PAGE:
First, make sure you know how much money you’re bringing home each month, and include income from a spouse or partner if they’ll also be contributing to your down payment. Then, sit down with your bank statements and all your credit card payments. Look at where you’re spending the most money.

Factor In Your Recurring Expenses

Note how much you spend on necessities like rent, student loan payments, groceries and utilities. Then consider how much you spend each month in nonessentials like entertainment, restaurants, etc. A budgeting app can help you automate this process if you’d like to avoid calculating your expenses yourself. If it all still seems overwhelming, enlisting the help of a financial advisor can help you get a better idea of what your budget should look like.

Determine What Other Expenses You Can Cut

After you create your home buying budget, look for other expenses you can cut. Set a definite (yet realistic) budget for each category and stick to it. Make sure you budget a certain dollar amount to put away for your down payment each month. Consider your savings a non-optional expense.

2. Consider Downsizing

One fast way to save more money toward a down payment is downsizing. Downsizing is the process of reducing your expenses and living below your means while you save. When you downsize, you essentially practice minimalism by only spending money on the things you need. You only spend money on necessary expenses and divert the extra money into a savings account.

3. Reduce Expenses Or Cut Out A Bad Habit

Reducing or entirely cutting a single bad habit can help you put away hundreds of dollars a year. Consider quitting these unhealthy habits and divert more of your monthly take-home pay to your down payment fund.

Impulse Buying

If you're prone to impulse shopping in person or online (who doesn't love getting deliveries?), you may consider cutting down on those purchases. Try to unsubscribe from marketing emails so you don't constantly see deals in your inbox. You'll save money and avoid piles of clutter around your home. Canceling subscriptions for services that make impulse purchases easier, such as those that offer free and fast shipping, might help.

Eating Out

There's no denying that takeout and fast food are quick and easy. But they’re not so easy on our wallets. To save a bit of money, try cooking a few meals at home each week instead of ordering out or paying to have food delivered to you. Not only will you be able to save some money, but you may also notice some added health benefits.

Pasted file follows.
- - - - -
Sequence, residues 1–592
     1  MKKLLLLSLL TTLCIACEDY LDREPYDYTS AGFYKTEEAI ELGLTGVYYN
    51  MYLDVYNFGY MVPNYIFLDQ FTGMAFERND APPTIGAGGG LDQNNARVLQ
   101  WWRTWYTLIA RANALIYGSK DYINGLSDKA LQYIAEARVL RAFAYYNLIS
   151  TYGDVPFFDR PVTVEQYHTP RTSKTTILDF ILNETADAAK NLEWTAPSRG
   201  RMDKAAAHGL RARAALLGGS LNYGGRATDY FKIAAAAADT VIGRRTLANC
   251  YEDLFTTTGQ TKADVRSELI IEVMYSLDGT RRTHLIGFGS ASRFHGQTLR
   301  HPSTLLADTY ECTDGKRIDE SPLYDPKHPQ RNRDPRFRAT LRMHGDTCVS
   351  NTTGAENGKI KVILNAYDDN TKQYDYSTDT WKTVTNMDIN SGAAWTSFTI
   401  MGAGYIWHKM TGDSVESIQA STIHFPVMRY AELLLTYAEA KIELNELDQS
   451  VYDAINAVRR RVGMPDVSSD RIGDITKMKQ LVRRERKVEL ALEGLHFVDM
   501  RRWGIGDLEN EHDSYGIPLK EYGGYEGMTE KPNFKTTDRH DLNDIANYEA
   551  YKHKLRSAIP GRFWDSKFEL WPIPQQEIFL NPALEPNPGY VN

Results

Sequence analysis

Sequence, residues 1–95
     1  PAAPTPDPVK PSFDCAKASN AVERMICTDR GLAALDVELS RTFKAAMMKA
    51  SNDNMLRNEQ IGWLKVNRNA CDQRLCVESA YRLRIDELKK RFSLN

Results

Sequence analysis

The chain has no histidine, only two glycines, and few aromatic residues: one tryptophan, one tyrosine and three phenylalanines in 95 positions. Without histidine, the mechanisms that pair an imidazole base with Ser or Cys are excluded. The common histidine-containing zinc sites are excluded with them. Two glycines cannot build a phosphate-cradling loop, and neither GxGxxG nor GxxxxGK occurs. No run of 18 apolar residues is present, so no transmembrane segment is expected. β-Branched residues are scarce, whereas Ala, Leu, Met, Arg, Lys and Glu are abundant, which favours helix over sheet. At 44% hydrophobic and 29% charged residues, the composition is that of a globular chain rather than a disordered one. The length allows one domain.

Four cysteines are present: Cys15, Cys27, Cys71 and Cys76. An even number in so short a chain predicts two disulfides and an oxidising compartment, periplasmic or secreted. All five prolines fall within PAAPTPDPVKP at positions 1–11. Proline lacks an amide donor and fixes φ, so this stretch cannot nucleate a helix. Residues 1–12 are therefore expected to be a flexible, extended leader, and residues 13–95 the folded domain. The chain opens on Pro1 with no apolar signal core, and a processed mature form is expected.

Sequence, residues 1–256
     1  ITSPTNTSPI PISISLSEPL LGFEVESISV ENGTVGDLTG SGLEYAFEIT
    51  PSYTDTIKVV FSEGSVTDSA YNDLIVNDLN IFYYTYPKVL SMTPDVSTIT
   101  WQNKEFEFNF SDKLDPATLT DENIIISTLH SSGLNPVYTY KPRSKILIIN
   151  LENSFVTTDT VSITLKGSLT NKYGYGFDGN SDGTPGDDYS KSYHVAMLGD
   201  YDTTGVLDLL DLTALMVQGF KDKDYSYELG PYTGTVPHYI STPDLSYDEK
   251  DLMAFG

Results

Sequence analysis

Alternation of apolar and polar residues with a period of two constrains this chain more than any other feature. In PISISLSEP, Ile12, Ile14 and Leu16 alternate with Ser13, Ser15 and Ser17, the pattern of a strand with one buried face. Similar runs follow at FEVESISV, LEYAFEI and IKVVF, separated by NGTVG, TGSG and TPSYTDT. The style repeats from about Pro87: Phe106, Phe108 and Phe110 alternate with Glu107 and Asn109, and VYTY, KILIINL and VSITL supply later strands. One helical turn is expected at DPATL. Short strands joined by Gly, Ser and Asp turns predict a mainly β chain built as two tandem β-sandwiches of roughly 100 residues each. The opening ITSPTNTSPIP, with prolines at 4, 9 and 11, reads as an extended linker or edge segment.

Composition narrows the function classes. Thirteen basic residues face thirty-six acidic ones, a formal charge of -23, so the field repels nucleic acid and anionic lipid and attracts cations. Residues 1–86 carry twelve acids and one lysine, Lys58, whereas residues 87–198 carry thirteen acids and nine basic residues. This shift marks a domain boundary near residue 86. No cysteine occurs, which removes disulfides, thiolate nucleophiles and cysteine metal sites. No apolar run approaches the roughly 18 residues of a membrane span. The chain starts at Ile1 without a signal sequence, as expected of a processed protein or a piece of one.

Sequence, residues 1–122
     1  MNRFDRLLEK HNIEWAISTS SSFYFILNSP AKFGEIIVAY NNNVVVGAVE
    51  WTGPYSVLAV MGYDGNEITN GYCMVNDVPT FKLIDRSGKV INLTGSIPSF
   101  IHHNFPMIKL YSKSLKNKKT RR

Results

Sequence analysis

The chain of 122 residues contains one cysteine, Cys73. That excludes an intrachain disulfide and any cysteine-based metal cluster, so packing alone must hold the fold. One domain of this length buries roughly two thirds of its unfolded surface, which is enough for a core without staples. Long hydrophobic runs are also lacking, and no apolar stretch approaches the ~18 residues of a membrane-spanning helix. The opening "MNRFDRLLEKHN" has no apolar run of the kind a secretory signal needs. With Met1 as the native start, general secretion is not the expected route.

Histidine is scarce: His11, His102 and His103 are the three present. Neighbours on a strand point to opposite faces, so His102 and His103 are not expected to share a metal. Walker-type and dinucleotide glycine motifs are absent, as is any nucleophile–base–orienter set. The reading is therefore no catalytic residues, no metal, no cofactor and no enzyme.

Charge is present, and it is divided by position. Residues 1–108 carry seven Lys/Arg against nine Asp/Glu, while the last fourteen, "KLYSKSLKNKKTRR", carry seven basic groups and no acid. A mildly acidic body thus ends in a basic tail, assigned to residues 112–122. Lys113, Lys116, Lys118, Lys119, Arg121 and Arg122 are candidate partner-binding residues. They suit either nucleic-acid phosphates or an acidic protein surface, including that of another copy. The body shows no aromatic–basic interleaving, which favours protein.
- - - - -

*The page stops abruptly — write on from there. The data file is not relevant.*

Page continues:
4. Ask For A Raise

Do you have little money left over to save after you get paid? It might be time to ask for a raise.

The best time to ask for a raise is during your annual performance review or after delivering a big win. Your attitude during your salary discussion meeting is just as important as what you say. Be confident in what you’re asking, but also be grateful and enthusiastic.

5. See What Other Employment Options Are Out There

While it’s not always possible, switching jobs and landing a higher-paying salary can help you save money for your down payment.

Browse job posting sites and salary comparison websites to see if you earn as much money as people who work in similar roles. If you discover your salary is below average, consider using your findings as leverage to ask for a raise or inquire about a promotion at work.

If you aren’t in love with your job or you can’t get a raise, consider searching for higher-paying positions you qualify for.

6. Skip A Vacation

Exploring a new destination can be an amazing experience. Unfortunately, it’s also often an expensive one. The average family of four spends about $4,500 on vacation – that’s a big chunk of cash. Consider storing that money for a down payment and enjoy a staycation in your city instead.

7. Pick Up A Side Hustle

In the on-demand “gig economy,” it’s easier than ever to earn money on your own time with a lucrative side hustle. If your schedule allows for a little extra work, here are a few ideas you can use to get started:

  • Pick up some freelance work
  • Drive for a ridesharing company
  • Pet sit or -walk
  • Test apps and websites

8. Chop Down Your Debt

If you’re on a mission to buy a home, diverting your extra income toward your debt might seem counterintuitive. However, one of the first things lenders look for when they consider you as a mortgage candidate is your debt-to-income ratio (DTI).